Two things occupied my mind this week: hosting my photographs online and starting my blog’s transition from WordPress to Ghost.
The problem with taking too many photos
Like you, I take a lot of photos every day
. Photos of my family, photos of beautiful sunsets, and photos of the occasional dessert
. For most of you, those photos live on our phone, and for some of you, they are also saved in the cloud. Mine live in hard disks at home, backed up in separate disks. My best pictures are uploaded to Google Photos for sharing them to social media when the time comes. No, I do not use the automatic Google Backup.
My workflow problem is that I don’t show my photos to the world the same day I took them. And that breaks my heart.
Like you, I want to share that epic sunrise photo the day I took it and caption it “Magnificent sunrise today.” I want to share a life’s moment the moment it happens. I hate having photos sitting idle to share some time in the future for some unknown reason - usually to make for a better fit to a thought I had.
Twitter is great
for sharing a random event that took place in our life, but what happens with those better-looking, epic photos?
Where I host my photo albums
Till recently, I used to upload my best photos to Flickr
. No need to come up with fancy captions, be consistent, or avoid bulk uploads. I’m not stressed to build a following there; no point, either. Rather it’s a fine way to stay organized and showcase 20 or more photographs I took the other day. All uploaded at once. It’s great and affordable ($50/year), as well.
People have been using my photos in their publications, like here
, and here
(wow, right?). Don’t worry; they’re allowed to do so, as long as they give back credit (I use a Creative Commons license).
Trying out another route this week, I shared my first ten photos with Unsplash
, and the feedback was tremendous, as others have noticed. More than 3,000 people saw them, and 50 photos were downloaded in a couple of days! If you are looking for exposure, nothing beats that. The catch? Unsplash doesn’t allow watermarks in photos, but most importantly, people aren’t obliged to link back to the photographer. In effect, you are giving away you precious photos for anyone to use however they want. And that’s bad
. Still, you can build a name for yourself
Too many options for photographers
I haven’t made up my mind about where I should host my photos.
Sure, Flickr is a trusted solution, but they’re running out of money
, and I would hate to see my photos lost in a bad turn of events. It was recently acquired by SmugMug
, where I could also sell my photos as prints or digital downloads. Unfortunately, I despise the look of their templates; they feel so old-fashioned.
Alternatively, hosting in my blog’s server is a no-no for storage and bandwidth reasons, and Google Photos… well, let’s just say that Google’s interface isn’t the easiest way to share pictures with the public; it wasn’t built with that in mind.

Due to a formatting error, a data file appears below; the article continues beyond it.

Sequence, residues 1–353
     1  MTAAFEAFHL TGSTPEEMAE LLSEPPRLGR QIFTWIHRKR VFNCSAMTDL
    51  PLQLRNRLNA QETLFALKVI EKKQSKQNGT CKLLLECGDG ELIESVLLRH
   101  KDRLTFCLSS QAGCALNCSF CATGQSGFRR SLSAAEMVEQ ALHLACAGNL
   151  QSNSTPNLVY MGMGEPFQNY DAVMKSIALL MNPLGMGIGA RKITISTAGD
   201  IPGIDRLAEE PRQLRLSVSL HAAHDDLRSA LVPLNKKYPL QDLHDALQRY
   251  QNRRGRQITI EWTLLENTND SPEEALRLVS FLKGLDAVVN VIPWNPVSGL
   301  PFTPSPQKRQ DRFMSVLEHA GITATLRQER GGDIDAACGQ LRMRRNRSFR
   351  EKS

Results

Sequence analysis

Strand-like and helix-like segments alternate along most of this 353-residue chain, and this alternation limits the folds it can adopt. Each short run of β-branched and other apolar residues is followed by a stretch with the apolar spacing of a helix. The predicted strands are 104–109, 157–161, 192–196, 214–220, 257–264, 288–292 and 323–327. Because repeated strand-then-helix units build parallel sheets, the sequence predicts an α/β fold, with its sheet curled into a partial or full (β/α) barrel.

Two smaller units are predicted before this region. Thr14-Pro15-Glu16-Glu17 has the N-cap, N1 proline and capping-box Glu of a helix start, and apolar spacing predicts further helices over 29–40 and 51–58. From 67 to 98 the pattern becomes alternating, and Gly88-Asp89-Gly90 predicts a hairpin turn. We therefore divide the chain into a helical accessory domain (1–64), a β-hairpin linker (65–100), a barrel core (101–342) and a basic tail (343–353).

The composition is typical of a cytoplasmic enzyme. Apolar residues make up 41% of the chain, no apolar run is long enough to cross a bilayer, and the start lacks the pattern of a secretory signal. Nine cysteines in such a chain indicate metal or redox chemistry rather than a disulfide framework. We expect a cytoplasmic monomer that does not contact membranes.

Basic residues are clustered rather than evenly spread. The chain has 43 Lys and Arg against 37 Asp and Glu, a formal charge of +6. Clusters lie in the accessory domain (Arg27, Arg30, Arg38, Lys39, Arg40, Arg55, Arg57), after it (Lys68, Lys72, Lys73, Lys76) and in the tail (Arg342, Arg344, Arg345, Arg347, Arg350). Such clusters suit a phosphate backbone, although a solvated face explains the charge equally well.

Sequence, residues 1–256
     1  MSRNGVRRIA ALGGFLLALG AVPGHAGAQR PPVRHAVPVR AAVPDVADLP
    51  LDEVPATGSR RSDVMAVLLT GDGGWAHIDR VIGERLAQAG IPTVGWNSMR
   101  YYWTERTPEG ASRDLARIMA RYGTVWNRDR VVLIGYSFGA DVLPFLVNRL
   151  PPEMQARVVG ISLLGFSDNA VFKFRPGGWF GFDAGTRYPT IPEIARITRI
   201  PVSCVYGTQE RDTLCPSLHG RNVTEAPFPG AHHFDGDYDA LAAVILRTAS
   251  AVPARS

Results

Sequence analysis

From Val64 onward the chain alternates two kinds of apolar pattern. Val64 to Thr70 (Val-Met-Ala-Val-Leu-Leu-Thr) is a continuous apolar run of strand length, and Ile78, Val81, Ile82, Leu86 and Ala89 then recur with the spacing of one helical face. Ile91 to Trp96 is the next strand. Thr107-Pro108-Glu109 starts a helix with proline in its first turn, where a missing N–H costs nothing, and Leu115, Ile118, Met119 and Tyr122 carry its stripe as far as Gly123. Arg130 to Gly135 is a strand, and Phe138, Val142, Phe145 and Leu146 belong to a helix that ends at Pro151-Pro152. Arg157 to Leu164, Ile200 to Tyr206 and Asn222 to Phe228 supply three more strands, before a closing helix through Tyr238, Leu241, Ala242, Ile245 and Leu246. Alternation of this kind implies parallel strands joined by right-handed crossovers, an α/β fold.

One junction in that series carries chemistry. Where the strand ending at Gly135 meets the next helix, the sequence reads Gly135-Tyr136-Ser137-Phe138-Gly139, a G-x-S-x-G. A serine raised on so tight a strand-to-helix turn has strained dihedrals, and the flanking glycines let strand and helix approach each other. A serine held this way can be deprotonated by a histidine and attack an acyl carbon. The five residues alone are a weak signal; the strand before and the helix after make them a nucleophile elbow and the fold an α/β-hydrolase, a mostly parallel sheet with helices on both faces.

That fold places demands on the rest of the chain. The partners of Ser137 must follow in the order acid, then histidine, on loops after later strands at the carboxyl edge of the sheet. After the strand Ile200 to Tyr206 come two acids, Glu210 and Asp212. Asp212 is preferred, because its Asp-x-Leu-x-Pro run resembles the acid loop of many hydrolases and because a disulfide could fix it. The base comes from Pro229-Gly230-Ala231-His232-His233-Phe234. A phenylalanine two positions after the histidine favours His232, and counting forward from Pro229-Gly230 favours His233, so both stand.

Unsplash is more an experiment for me than building a portfolio there. It’s a resource for web publishers like myself
to find photos for their blogs, like Pixabay or Pexels. It was the first time I went to the other side of providing photos, instead of receiving.
And that brings me to transitioning my personal blog to Ghost’s content management system (CMS).
Having second thoughts about moving to Ghost from WordPress
As a blogger, when you write an article for your blog, you often need a featured image to introduce your content. Ghost has an option to search and use a photo from Unsplash directly in the editor! That was totally unexpected for me and different from blogging on the WordPress system, where I have first to find and then upload a photo to my post. In Ghost, you simply click on the Featured photo, and you are presented with millions of Unsplash photos to pick from.
It wasn’t the only different approach I came by, of course. Having published numerous WordPress blogs over the decades, it took me a day to familiarize myself with Ghost interface and workflow.
At this point, I’m moving the 500 posts of my personal blog to Ghost. Most things are done automatically, but they need a little editing here and there. I don’t mind the manual work, as I see it as an opportunity to refine my blog and get rid of subpar articles. Besides, building a personal brand
is a fun project for me.
Do I have second thoughts for the transition? I sure do. If it weren’t for the minimalistic theme I currently use in my blog, I would be more excited to move to a different platform that promises better speed (already confirmed it via Pingdom and Google Pagespeed). But because I truly love my blog’s current look
, I’m more reluctant to scrap that and build something different, not to mention from scratch. There’s so much work being put into my WordPress blog over the years that I would hate to throw it all away. Yet, at the same time, I’m a sucker for trying new things.